Facebook to Add Hashtags #Finally: 5 Fast Facts You Need to Know

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Facebook’s Greg Lindley broke in a press release yesterday that Facebook will now allow for hashtags, much like its flickr, tumblr, and twitter brethren. Here’s 5 Fast Facts you need to know about this development for the biggest social network in the world.

1. This Could Change Facebook From Friend-Connector to Friend-Maker.

While FB theoretically lets people meet solely through the online world, it’s rare for that to happen. Usually, you meet someone, and then become FB friends. Therefore, the benefit of using hashtags will be the ability to participate in more large scale discussions which will make strangers becoming friends a more frequent occurrence. Imagine writing a killer status update, hashtagging it, and meeting a ton of people who like your post. Let’s hope that Facebook integrates location filtering and the like. If they do, this could be a powerful way, possibly the most powerful way, to connect with new people with similar interests and preferences for topics of discussion.

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2. Facebook is in the Legal Clear; You Can’t Patent a “#”.

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There’s a couple of reasons this is true. It’s obvious that you can’t patent or trademark a common symbol. For the same reason that you can’t go and claim that question marks, exclamation points, and @ symbols all belong to you or your company, and then go and sue everyone who has ever communicated virtually anything.

Now, conceptually speaking, hashtagging is just grouping posts with a common word. This is too abstract and ill-defined to be patented. Hence, Facebook is good to go legally, but you might be asking a different question: is this a good move?

3. Experts are Calling it a Smart Choice.

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In all seriousness, analyst Dan Olds told Computerworld last week “with Facebook users utilizing hashtags, it will make it easier for the site to track trending topics, which can, in turn, give Facebook more attention from the press and advertisers.” Clearly, this is just a complicated way of saying something very simple: hashtags will make people use Facebook more. Obviously, they track trends already, but they don’t let you track trends; that’s the difference. On a more insightful note, Olds pointed to the fact that the lack of a learning curve made this a virtual no-brainer. After all, if people already know how to do it, and it’s a useful feature, then why not throw it into the mix? It can only boost engagement.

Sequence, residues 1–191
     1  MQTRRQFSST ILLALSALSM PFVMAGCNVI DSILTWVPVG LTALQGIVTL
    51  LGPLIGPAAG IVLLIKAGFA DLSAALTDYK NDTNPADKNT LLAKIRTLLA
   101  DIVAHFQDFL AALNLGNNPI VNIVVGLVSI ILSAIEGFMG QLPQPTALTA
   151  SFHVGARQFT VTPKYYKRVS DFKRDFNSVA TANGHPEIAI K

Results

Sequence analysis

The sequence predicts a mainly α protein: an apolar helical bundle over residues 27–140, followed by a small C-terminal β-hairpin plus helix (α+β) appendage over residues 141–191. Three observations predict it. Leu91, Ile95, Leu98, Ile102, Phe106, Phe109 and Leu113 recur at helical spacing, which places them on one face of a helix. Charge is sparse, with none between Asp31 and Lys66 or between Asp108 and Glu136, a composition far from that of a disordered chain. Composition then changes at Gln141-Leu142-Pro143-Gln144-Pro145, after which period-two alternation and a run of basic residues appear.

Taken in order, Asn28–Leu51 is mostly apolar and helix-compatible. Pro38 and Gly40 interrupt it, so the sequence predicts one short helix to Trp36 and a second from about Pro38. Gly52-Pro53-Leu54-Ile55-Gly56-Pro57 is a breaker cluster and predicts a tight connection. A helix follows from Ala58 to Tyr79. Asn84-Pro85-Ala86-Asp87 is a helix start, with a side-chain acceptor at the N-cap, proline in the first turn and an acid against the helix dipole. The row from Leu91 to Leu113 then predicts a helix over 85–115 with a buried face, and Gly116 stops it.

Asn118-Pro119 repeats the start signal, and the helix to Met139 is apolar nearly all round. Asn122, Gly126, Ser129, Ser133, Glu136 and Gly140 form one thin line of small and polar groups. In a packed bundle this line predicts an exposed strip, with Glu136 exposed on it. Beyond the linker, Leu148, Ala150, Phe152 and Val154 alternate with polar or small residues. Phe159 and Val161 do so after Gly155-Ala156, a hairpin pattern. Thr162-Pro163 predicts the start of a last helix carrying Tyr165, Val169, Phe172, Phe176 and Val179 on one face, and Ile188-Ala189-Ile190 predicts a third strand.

4. People Really Like to Watch TV and Use FB

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According to this Christian Science Monitor article, roughly 100 million people get on FB while prime-time television is on. Crazily enough, and the reason for #GameOfThrones in the picture, roughly 1/5 of the people who watched the recent ‘Red Wedding’ episode posted a Facebook mention of it for a total of about a million and a half mentions. The point is this: if you go on FB during the hours of 5-10PMish, you’re going to be inundated with hashtags to shows you may love, and you may hate.

Share this with your friends #ordont #ormaybedo #orwhatever.

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5. Hashtagging Will Integrate With Other Services… and May Just be the Beginning.

So, as you know, many people decide to wantonly share their entire social media presence on Facebook. For instance, your pal might be visiting Hawaii and your feed is flooded with posts from Instagram all hashtagged #aloha. The cool part that Facebook threw in is that you can click #aloha on even an instagram post, and you’ll get to see all the posts on Facebook hashtagged likewise. This might be interesting for certain things and at least it will lend some greater picture to those annoying people who channel all of their social networking into Facebook.

Ok, so if all these crazy facebook changes are scary to you, you better run for twitter. Apparently, this is just the beginning. In a press release Wednesday facebook said:

Hashtags are just the first step to help people more easily discover what others are saying about a specific topic and participate in public conversations. We’ll continue to roll out more features in the coming weeks and months, including trending hashtags and deeper insights, that help people discover more of the world’s conversations.

Wow, first the NSA and now this. Truly no one will miss any of all the important things we share on Facebook.

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Enemy of the State (1998) Predicts Edward Snowden's RevelationsEnemy of the State was made in 1998 and stars Gene Hackman, Lisa Bonet, Regina King, Will Smith, Jack Black, Jon Voight, and Jason Lee. This all-star cast stars in a film that performed well in its time, yet seems all the more relevant, intelligent, and interesting today. Edward Snowden didn't say too much that this movie didn't exactly say! It's pretty mind-blowing how intelligent and well-informed script-writers were… or at least they were great guessers.2013-06-12T20:55:11.000Z

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